God was mentioned frequently during that first meeting it didn't bother me, I'd held court with God on a number of occasions over the years begging for his forgiveness or bartering to get me out of the mire for the umpteenth time with a promise never to drink again. This was always short lived, maybe a day, three days or at best a week if I'd been really bad or very ill and I couldn't physically face a drink. In fact it was a relief to be able to rely on something else rather than myself, as by this point I trusted nothing or no-one, in fact I didn't even trust myself anymore, who was I anyway! I had to admit defeat I had been a liar, cheat and a thief for many years of my life even before my drinking, a sobering thought and crushing admission.

I was desperate to change this sorry excuse of a human being and this was my chance and I was going to grab it with both hands.

Meetings were a blessing once a day, I was lucky I didn't have a job, my higher power relieved me of that burden before I was found out, so recovery became my job. If I could get a babysitter I would go twice a day and for once in my life listened to other people, a novel experience but one I found invaluable to my journey.

Having not taken a drink from that first meeting I was amazed at how alive I felt, how did that happen? I tried for 25 years to stop drinking or at best control my drinking and one meeting of AA and I had not needed or wanted to take a drink. I believe I took step one and accepted I was an alcoholic and was absolutely ready to follow in the steps of others that had gone before me.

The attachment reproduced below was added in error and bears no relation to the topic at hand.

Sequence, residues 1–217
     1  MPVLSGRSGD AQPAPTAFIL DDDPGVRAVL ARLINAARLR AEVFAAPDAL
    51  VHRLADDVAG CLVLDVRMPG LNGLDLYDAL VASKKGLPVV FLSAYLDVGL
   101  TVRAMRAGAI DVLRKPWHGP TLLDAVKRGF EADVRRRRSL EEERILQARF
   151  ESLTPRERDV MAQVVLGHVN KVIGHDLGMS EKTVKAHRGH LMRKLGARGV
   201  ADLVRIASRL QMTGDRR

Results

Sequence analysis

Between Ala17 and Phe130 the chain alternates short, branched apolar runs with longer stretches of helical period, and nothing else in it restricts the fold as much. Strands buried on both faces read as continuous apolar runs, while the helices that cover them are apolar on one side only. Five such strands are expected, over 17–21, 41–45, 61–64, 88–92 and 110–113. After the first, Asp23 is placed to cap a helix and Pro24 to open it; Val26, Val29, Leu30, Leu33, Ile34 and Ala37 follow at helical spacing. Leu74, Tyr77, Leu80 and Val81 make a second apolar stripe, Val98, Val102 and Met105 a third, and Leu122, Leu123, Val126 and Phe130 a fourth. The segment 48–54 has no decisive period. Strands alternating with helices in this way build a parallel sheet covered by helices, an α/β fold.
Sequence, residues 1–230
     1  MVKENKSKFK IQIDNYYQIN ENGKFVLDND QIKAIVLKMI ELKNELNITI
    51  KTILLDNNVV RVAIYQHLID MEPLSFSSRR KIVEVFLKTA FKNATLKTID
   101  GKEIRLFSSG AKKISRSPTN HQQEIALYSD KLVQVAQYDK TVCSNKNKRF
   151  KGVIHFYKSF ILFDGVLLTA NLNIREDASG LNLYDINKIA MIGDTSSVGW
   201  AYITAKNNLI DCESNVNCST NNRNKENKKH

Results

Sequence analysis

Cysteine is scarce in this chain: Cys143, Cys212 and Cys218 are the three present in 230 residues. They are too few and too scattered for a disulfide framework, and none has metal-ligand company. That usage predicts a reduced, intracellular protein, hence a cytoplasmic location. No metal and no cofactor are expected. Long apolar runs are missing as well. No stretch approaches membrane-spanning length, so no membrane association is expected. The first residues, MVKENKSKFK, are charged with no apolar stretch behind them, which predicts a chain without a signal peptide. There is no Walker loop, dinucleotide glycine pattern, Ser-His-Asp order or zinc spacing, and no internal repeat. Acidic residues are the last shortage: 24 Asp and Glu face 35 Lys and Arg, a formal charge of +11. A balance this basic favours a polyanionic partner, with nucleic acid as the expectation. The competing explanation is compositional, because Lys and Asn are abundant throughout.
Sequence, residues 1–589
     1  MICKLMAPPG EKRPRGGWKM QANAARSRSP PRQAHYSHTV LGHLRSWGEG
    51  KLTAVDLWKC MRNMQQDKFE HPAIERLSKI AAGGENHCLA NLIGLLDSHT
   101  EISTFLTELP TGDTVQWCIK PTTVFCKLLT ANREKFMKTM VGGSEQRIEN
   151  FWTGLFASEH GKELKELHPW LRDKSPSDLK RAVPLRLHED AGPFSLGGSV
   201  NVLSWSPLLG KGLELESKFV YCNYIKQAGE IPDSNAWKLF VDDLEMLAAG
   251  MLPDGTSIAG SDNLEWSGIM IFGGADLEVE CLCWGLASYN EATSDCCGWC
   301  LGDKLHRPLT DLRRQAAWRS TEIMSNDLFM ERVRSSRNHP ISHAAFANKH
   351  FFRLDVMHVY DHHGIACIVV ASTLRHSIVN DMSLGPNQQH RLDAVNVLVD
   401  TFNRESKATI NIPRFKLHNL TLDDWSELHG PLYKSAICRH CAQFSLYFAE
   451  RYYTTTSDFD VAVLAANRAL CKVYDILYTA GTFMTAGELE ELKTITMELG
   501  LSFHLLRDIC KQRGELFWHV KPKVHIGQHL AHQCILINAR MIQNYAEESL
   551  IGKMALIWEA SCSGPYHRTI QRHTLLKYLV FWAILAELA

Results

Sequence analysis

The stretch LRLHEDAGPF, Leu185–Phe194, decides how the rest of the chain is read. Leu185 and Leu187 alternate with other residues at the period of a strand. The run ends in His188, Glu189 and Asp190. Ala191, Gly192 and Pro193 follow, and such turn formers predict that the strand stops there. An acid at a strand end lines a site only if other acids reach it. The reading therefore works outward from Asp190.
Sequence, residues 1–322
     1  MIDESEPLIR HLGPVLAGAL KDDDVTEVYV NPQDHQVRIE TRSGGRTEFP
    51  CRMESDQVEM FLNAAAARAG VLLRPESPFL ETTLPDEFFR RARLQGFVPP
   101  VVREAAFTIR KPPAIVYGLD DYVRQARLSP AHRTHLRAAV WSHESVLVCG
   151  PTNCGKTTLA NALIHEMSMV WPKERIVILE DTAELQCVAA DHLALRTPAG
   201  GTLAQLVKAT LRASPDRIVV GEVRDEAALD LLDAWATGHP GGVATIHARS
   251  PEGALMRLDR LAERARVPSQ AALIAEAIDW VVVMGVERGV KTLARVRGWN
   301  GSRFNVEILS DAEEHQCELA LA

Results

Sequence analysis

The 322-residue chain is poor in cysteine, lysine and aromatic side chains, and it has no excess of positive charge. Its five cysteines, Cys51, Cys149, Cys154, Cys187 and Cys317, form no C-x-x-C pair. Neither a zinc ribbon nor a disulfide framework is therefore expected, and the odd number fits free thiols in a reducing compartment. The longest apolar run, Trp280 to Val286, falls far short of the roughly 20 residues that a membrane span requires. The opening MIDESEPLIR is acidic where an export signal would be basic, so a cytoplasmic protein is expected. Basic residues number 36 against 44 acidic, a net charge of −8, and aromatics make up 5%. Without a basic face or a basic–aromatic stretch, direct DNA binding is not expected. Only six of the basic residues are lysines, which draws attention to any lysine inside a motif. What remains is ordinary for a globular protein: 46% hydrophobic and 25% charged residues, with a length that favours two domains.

At five weeks sober I talked to a lady who I had seen regularly at a meeting and asked her to be my sponsor, even that wasn't straight forward. She suggested I read the leaflet on sponsorship and understand what was expected of us both. I did what I was told even though I had thought of nothing else. Fear was running through my head what if she refused how would I recover from the rejection. I had to have faith that no matter what I would be ok. Thankfully she said yes and is still my sponsor today.

I have been guided through this amazing programme by a wise and humble lady who I have the utmost love and respect for. She has passed on her experience, strength and hope to me daily and has been an inspiration to me and an example to follow.

I haven't always followed a spiritual path in my recovery and that came at great expense to me and my husband. At eighteen months I gradually become restless, irritable and discontent with my marriage, this is going the same way as the other two I thought, divorce. I'm bored it isn't working for me.

I didn't think to speak to my husband and explain how I was feeling. I regularly spoke to my sponsor and moaned about him. She advised to stick with it and work my programme around the feelings and write about it in step ten. I took no notice, I still went to meetings, still did as much service, I love doing service giving back to AA what was giving freely to me.

The thoughts got stronger and the stinking thinking started to sink in, a drink isn't an option I thought but the next best thing to me is "a new man". I turned this thought into a reality and blew both our worlds apart. Thankfully it didn't last long, my sponsor brought me to my senses. I was capable of behaving badly in this way without a drink, this was insanity. It was worse without a drink, no-one to blame but myself and my selfish wants. I had to take responsibility and be accountable for my actions, but I didn't have to do it alone.

We had eighteen painful months of trying to rebuild trust and a lot of honesty. My husband seems to have his own built in programme but I had to work harder than ever with my sponsor, higher power and the steps to look at me and one day at a time accept that I also had to abstain from this sort of behaviour in my life to live an emotionally sober life.

For the past four years I have looked at me first and my part in situations. I rely on the steps, my higher power, sponsor, meetings, service and the people in AA more now than ever, for me it's the whole package. I enjoy my life and sobriety but I wouldn't be here if it wasn't for that divine intervention eight years ago.

Karen T, Newcastle